If anything, he took advantage of my lack of knowledge and knew that I wasn't able to stop him. He convinced me he was ok and no longer drinking on several accounts. He used me and my home to harbor himself until he could "get away with it" because there is no consequences for disrespecting me and my wishes to keep alcohol out of my home.

So now all these things are my fault because I didn't know what to do? It's my fault because I didn't know how to enforce rules for an addict? It's my fault because HE took advantage of how stupid I am?
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Old 03-09-2018, 10:42 AM   #34 (permalink)
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I don't want to sit here and worry. I don't want to feel this sad and angry. I'm updating this forum in real time as it's happening to me. And it's overwhelming how I feel at the moment.

It's been a short amount of time for our "relationship," but I've known this guy and his sister since we were kids. Near 20 years. I just reconnected with him and it felt good to look back on and have great memories. I don't want what I'm feeling right now to be the last memory.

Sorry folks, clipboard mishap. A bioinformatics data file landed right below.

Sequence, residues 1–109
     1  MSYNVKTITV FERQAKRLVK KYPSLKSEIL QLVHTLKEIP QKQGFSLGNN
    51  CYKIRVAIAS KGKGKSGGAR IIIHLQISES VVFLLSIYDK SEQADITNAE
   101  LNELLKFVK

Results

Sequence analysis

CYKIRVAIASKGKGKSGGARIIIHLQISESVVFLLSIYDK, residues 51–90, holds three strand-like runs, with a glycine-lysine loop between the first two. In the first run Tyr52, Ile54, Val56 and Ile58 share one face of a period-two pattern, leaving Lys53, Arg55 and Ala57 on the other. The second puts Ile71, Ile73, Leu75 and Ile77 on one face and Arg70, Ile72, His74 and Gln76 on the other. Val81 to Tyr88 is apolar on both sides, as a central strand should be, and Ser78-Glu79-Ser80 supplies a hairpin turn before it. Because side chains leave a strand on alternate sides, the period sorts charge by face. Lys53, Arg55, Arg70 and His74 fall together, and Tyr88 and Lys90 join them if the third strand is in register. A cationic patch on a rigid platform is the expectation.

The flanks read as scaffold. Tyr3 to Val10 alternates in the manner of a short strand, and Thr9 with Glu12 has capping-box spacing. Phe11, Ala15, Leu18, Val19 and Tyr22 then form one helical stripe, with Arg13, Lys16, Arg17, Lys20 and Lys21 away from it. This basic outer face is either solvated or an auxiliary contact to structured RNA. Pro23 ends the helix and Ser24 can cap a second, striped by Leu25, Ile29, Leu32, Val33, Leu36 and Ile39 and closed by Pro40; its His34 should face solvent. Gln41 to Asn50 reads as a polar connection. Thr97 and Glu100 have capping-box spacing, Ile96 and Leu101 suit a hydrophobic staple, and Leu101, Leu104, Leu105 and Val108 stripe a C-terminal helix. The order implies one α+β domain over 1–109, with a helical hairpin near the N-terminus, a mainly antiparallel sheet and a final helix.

I'm so scared and so hurt. I'm not trying to be different or think that my situation is. I didn't mean to get defensive. I want to stop feeling helpless.
It is very overwhelming, heart breaking, soul sucking, and soooo defeating. ((MORE HUGS))) You aren't the only one here who's sat at work bawling here, and you aren't alone in any of this.

Knowing him previously and then reconnecting doesn't change anything, and you don't have any control over what your last memory of him is going to be. I have the quote below in my signature here to remind me of that OFTEN!